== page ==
The Biden administration coordinated the sanctions with the European Union, which already had imposed sanctions against a small number of Russian officials in Navalny’s case.

Some rights groups previously faulted the EU for not targeting the most important Russian officials allegedly involved. The European bloc announced new sanctions Tuesday targeting high-ranking Russian officials over the attack and prosecution of Navalny, Putin’s most high-profile political foe.

The 27-nation bloc imposed bans on travel and froze the assets in Europe of Alexander Bastrykin, head of the federal Investigative Committee; Igor Krasnov, the prosecutor general; Viktor Zolotov, head of the National Guard; and Alexander Kalashnikov, head of the Federal Prison Service.

The Biden administration had forecast for weeks actions against Russia. Besides the Navalny sanctions, officials have said the administration plans to respond soon to the massive Russian hack of federal government agencies and private corporations that laid bare vulnerabilities in the cyber supply chain and exposed potentially sensitive secrets to elite Kremlin spies.

Navalny, 44, was sickened by the Russian nerve agent in an attack that the United States and others linked to Putin’s security services. After months of recuperation in Germany, Navalny flew home to Moscow in January and was arrested upon arrival for an alleged parole violation.

His detention sparked street protests across Russia. Police arrested thousands of demonstrators. Authorities have transferred the opposition leader to a penal colony to begin serving a sentence, after what rights groups said was a show trial.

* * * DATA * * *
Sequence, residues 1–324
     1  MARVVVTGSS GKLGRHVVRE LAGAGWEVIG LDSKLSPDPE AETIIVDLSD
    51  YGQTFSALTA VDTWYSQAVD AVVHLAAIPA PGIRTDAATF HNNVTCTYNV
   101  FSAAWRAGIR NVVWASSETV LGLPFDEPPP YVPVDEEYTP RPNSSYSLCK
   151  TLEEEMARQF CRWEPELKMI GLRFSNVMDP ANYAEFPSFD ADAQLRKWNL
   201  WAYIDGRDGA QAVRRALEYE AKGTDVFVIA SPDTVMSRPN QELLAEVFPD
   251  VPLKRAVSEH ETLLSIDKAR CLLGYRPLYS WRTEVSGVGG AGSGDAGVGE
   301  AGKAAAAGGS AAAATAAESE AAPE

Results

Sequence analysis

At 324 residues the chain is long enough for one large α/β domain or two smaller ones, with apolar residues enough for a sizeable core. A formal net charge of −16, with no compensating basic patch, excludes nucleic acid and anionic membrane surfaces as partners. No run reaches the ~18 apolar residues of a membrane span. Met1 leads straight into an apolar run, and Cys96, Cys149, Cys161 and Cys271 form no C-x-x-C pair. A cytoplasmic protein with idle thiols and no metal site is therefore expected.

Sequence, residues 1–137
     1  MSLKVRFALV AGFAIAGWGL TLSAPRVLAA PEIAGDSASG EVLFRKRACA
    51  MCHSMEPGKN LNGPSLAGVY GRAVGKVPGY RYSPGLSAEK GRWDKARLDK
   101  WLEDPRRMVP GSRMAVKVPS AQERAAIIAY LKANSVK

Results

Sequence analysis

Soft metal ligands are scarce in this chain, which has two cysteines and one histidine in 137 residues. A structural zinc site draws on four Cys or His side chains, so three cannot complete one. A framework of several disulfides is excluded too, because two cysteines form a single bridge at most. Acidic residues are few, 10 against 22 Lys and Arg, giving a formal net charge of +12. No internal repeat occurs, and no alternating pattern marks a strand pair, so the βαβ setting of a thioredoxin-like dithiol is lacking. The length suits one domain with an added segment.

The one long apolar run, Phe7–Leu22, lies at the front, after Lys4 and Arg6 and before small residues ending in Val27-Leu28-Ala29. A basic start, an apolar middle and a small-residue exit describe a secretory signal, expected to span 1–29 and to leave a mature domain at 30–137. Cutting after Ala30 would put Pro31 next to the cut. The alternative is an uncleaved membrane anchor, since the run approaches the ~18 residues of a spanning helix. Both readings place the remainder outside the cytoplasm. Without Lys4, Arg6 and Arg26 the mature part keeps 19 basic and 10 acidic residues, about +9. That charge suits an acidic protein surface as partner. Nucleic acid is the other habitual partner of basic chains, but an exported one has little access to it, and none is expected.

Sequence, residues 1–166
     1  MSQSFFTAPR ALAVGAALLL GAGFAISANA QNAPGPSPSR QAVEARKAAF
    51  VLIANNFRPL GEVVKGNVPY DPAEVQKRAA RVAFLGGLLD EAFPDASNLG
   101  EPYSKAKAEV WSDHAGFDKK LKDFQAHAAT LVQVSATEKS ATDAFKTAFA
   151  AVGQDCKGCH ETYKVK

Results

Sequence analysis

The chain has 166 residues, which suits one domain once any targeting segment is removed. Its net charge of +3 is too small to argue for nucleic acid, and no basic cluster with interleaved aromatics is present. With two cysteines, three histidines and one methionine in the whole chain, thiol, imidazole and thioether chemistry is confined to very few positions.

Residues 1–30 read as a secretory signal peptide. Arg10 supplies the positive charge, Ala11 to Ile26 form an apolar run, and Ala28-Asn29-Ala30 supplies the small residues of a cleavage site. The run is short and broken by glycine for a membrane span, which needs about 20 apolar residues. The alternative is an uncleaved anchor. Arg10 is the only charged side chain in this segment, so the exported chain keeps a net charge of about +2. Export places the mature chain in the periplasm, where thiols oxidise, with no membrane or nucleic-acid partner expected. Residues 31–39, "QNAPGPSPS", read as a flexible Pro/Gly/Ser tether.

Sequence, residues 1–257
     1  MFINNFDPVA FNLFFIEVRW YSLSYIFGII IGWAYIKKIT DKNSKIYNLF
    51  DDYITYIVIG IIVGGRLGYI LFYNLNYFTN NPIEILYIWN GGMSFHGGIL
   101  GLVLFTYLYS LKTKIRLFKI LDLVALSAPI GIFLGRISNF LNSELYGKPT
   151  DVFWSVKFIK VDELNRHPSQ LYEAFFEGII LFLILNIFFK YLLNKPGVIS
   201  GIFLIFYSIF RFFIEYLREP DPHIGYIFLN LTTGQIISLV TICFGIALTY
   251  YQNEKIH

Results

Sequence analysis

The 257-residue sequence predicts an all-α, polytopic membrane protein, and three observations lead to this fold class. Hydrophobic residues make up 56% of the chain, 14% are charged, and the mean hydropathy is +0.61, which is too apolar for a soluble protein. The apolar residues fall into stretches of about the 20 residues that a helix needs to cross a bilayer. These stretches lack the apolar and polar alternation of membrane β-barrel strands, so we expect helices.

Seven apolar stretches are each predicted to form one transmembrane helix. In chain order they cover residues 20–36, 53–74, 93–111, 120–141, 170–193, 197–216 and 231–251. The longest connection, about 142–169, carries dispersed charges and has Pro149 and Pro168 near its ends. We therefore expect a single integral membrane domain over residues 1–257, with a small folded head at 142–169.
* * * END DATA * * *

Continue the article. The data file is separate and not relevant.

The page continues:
Navalny, long a target in Russian government attempts to shut down dissent, has repeatedly appealed to the West to start targeting the most powerful business and financial oligarchs of his country, saying only then would Russian leaders take international sanctions seriously.

Navalny, shortly before his latest arrest, gave supporters a list of eight big business and political figures he hoped the West would hit in new sanctions. The Biden administration official said some were among those in the new U.S. sanctions. The administration declined to immediately identify them. Further sanctions on other prominent Russians were possible, the official said.

The U.S. government has previously censured behavior by Russia that American officials saw as having violated international norms.

In 2016, for instance, the Obama administration responded to interference by the Kremlin in the presidential election by expelling dozens of Russian diplomats who officials said were actually spies and by shuttering two Russian compounds in Maryland and New York.

Trump’s administration also took a handful of actions adverse to Moscow, including through the closure of Russian consulates on the West Coast and the suspension of a nuclear arms treaty.

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Associated Press writers Eric Tucker in Washington and Lorne Cook in Brussels contributed to this report.